Hitman: Timothy Olyphant, go back to Deadwood! No, kidding, kidding. But honestly, I’m not sure this videogame-based film about a professional assassin trying to find out who set him up (wait, does this remind anyone of Jason Bourne?) is the best place for you. R. 100 min. Movies 12.

I Am Legend: Will Smith does the all-by-his-lonesome thing in a New York City left not exactly empty after a manmade virus devastates the globe. During the day, he tries to find other survivors; at night, he tries to survive the creatures that are what’s left of humanity. PG13. 100 min. Cinemark. VRC Stadium 15. (12/20)

Juno: Director Jason Reitman’s turned out another buzzworthy movie, this time with a screenplay by newcomer Diablo Cody. Ellen Page (Hard Candy) plays a pregnant teenager dealing with herself, her future, her parents, the best friend who fathered the kid and the couple (Jennifer Garner and Jason Bateman) who wants to adopt it. PG13. 96 min. Cinemark. VRC Stadium 15. See review this issue.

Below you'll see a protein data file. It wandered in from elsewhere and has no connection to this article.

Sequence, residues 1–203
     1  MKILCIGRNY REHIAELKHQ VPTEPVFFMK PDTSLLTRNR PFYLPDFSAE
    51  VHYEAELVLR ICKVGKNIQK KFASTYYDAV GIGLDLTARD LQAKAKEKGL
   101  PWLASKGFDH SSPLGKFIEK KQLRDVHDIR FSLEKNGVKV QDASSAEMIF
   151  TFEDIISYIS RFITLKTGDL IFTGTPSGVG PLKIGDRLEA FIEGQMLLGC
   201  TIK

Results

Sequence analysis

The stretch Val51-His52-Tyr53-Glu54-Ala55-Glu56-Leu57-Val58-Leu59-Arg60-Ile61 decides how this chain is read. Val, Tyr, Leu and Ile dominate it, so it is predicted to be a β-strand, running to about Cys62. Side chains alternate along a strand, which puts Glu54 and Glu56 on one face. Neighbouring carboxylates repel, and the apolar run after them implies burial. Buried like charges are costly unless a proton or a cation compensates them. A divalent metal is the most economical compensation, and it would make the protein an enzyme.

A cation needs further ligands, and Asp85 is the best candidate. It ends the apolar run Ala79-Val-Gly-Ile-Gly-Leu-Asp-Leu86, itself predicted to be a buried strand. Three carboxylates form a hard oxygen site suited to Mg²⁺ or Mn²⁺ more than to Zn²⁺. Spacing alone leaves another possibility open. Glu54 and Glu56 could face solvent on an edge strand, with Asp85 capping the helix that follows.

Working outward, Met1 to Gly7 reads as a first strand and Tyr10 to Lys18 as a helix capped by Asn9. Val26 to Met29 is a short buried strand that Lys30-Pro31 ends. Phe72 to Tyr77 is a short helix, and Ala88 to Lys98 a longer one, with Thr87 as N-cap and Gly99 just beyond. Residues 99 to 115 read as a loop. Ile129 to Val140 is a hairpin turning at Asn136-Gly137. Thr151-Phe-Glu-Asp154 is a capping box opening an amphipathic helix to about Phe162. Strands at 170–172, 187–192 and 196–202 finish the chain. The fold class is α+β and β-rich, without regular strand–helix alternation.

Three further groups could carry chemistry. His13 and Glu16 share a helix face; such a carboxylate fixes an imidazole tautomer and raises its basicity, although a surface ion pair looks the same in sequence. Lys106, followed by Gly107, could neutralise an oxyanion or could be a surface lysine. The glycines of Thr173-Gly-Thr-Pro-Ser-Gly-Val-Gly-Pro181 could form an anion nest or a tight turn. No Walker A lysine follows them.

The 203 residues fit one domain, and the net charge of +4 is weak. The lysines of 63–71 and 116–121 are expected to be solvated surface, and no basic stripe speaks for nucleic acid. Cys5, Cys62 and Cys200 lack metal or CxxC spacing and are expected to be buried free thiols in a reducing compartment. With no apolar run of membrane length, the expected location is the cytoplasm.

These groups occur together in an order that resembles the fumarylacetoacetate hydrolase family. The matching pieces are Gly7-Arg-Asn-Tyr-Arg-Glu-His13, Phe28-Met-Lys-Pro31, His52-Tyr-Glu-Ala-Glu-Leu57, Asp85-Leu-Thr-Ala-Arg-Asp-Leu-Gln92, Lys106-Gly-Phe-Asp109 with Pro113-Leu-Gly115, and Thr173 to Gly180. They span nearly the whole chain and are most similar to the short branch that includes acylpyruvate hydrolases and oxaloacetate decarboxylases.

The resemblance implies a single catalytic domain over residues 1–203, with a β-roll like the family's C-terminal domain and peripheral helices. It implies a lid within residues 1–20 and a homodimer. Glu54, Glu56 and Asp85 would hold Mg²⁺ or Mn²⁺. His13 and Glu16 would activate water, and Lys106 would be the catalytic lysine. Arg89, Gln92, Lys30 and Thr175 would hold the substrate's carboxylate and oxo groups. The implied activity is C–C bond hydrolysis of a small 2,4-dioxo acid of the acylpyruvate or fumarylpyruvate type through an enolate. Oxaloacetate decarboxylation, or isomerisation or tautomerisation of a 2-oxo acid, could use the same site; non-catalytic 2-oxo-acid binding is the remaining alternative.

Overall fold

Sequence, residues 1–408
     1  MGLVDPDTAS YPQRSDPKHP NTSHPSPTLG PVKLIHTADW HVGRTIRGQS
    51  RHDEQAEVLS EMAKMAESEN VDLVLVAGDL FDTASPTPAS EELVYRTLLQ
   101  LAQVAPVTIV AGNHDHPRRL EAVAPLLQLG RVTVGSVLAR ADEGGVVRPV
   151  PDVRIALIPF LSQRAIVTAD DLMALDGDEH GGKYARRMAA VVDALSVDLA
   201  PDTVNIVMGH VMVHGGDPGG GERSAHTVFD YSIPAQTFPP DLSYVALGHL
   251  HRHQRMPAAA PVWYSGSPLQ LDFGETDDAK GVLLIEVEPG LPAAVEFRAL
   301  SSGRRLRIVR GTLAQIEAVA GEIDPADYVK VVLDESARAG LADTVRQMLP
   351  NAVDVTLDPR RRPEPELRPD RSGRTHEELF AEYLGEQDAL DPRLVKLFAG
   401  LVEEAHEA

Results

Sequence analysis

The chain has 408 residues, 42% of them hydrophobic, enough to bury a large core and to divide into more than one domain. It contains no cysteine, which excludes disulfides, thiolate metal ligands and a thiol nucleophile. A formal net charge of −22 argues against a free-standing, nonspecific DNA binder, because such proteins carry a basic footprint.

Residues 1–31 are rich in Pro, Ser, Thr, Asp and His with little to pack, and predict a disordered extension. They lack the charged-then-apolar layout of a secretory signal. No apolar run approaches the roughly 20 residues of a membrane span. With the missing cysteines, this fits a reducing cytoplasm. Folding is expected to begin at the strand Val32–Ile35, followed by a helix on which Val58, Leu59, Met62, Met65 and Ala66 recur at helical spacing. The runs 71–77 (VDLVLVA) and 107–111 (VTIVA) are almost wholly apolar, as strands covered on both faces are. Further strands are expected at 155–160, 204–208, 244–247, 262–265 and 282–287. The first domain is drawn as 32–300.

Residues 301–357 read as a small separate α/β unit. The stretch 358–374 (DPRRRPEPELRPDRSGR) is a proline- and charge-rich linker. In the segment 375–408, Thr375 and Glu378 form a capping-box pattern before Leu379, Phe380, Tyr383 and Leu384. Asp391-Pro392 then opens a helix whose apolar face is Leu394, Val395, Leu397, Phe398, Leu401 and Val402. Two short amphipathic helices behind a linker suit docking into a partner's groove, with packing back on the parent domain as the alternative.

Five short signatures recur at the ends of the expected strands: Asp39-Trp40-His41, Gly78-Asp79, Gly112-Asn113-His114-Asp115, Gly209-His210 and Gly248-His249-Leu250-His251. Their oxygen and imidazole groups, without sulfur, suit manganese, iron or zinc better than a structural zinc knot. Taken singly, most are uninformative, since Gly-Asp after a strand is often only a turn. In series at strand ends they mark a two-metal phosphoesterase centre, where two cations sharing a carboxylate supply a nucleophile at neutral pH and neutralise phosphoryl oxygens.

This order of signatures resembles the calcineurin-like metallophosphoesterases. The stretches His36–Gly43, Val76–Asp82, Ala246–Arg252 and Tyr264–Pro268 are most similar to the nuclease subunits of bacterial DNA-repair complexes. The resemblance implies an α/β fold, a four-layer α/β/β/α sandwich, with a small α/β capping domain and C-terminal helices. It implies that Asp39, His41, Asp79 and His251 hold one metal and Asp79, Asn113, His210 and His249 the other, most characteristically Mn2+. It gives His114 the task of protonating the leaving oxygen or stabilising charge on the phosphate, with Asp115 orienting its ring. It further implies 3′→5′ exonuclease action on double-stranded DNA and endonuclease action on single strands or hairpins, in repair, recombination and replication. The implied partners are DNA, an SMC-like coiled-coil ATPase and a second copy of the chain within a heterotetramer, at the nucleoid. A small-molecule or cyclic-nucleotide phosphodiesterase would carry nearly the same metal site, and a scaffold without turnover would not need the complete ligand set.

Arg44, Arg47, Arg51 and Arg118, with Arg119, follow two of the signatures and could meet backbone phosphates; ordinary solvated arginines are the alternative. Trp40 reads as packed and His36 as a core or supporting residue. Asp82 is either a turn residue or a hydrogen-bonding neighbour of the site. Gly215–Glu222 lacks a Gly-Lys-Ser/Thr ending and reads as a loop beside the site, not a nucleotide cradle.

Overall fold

Mr. Magorium’s Wonder Emporium: This story about a magical toy store, its owner (Dustin Hoffman) and the young shop employee who might inherit it (Natalie Portman) is written and directed by Zach Helm, who also wrote last year’s Stranger Than Fiction. G. 94 min. Movies 12.

National Treasure: Book of Secrets: Nicolas Cage returns for more adventure and hijinks — something to do with the president’s secret book (hey, this sounds like Crooked Little Vein!) and clearing his family’s name; did great-great grandpa have something to do with Lincoln’s assassination? With Helen Mirren. PG. Cinemark. VRC Stadium 15.

No Country for Old Men: The latest from the Coen brothers is a near-masterpiece, an adaptation of Cormac McCarthy’s acclaimed novel, and it’s earning plenty of acclaim itself. The story involves a small-town sherriff, a deadly drug deal and a psychopathic killer (Javier Bardem). The reviewers say “intense,” “searing,” “an evil delight.” R. 122 min. VRC Stadium 15. (11/29)